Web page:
Slow-Motion Progress Candidate — Tony Sparano

At the beginning of the process, the thought of retaining Sparano terrified me. As candidates have turned down Oakland or gone elsewhere, however, he's beginning to enter the realm of, "it could be worse."

Many will point to the fact that players are lobbying for Sparano to stay, but my point is simple: if those guys like Sparano so much, where were they when the team lost 52-0 to St. Louis? Where were they in the 8 losses he oversaw?

Do those people realize that in Oakland's eight losses under Sparano that they were outscored by an average of 20.5 points?

On the flip side, as I've said, it could be much worse (we'll get there).

I like that Sparano seemed to guide a team to some minor improvements, I like that the players are so vehemently defending him and I like that he has been a head coach somewhere else (albeit with a .438 winning percentage). At least with Sparano we know what we're getting and we can expect some consistency for younger guys like Derek Carr and Khalil Mack.

While not setting the franchise back, I do think retaining Sparano limits how quickly this franchise gets turned around.

Pause-button Candidates — Pep Hamilton, Pat Shurmur, Eric Mangini

I'll group these guys together in the same category for one simple reason: talk about uninspired choices.

In two seasons as the coach in Cleveland, Shurmur went 9-23. Exciting!

In five seasons as the coach in Cleveland and New York (Jets), Mangini had a career record of 33-47 (including three seasons with 5 or less wins). Invigorating!

And then there's Hamilton, the guy who spent the 2010 season as the co-offensive coordinator for New Mexico before moving on to Stanford and Indianapolis, where he has been riding the coattails of Andrew Luck ever since. The guy has zero head coaching experience.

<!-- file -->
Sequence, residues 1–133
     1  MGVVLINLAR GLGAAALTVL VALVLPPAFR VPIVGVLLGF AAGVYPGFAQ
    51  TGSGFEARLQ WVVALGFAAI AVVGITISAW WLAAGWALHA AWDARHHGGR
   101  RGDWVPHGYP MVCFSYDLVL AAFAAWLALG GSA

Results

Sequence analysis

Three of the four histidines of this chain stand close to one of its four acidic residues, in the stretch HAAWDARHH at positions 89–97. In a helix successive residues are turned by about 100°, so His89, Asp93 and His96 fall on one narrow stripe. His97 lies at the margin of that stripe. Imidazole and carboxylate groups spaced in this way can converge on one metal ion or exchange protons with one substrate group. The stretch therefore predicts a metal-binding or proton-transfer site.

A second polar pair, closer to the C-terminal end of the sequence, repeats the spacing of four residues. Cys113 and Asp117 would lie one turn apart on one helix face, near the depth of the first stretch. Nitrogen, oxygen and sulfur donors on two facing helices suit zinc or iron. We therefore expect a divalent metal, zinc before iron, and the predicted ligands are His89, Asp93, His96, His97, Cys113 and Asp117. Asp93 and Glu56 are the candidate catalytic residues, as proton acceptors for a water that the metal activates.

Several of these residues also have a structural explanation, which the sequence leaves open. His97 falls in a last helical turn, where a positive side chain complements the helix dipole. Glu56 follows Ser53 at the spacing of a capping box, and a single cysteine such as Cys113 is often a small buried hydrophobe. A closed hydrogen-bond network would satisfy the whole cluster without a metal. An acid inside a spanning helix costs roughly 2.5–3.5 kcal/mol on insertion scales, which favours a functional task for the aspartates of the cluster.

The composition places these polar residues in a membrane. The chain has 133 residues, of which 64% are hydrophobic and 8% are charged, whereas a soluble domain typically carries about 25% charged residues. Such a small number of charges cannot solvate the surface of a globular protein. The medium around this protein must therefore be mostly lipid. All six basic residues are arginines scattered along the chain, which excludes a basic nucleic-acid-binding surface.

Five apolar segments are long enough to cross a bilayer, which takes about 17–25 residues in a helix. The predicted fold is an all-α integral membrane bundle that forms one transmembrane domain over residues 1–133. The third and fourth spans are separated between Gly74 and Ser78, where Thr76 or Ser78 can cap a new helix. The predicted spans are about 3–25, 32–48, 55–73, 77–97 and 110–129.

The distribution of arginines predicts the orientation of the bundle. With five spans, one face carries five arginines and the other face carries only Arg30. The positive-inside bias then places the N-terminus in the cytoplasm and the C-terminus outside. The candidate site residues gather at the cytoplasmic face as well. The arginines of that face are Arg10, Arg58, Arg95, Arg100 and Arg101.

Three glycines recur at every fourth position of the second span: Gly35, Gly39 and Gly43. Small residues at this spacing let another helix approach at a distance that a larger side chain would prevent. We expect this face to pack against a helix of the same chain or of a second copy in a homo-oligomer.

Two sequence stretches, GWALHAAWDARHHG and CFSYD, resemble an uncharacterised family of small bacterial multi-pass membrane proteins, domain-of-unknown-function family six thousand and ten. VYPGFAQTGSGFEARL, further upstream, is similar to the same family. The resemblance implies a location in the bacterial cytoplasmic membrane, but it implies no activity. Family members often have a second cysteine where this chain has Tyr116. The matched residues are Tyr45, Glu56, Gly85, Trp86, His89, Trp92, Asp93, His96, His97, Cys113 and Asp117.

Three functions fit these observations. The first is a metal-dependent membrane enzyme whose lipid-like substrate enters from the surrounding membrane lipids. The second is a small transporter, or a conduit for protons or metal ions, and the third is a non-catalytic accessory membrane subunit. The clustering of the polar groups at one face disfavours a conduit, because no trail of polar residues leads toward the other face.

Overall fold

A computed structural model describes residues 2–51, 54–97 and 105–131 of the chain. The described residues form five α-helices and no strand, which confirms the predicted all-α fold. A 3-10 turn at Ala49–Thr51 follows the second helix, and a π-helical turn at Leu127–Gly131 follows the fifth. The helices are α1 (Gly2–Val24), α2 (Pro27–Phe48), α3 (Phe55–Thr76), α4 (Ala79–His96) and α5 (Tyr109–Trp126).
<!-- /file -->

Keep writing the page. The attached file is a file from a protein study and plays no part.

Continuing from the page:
Now, could any of these three guys come to Oakland and be part of the solution? Sure. But is it likely? Absolutely not.

Of the three, I like Hamilton the best just because we don't know that he's a mediocre head coach yet. Mangini is next (because at least he had two winning seasons), and Shurmur is last (who, of course some think is the favorite).

As I said at the beginning of the search, Oakland needs someone who is going to walk through the door and make both the players and fans believe that something is different. This isn't Dennis Allen, Art Shell, Tom Cable or Lane Kiffin 2.0, but it's a franchise on the rise with a future brighter than it has been in a long time.

This is a defining moment in the history of this franchise because of the young talent, cap space and draft picks the next coach will inherit. Making the wrong choice here could set Oakland back another five years, while making the right choice could propel them back into contention for the first time in a decade.

But hey, all we can do know is hope Mark Davis can tell the difference between the two choices.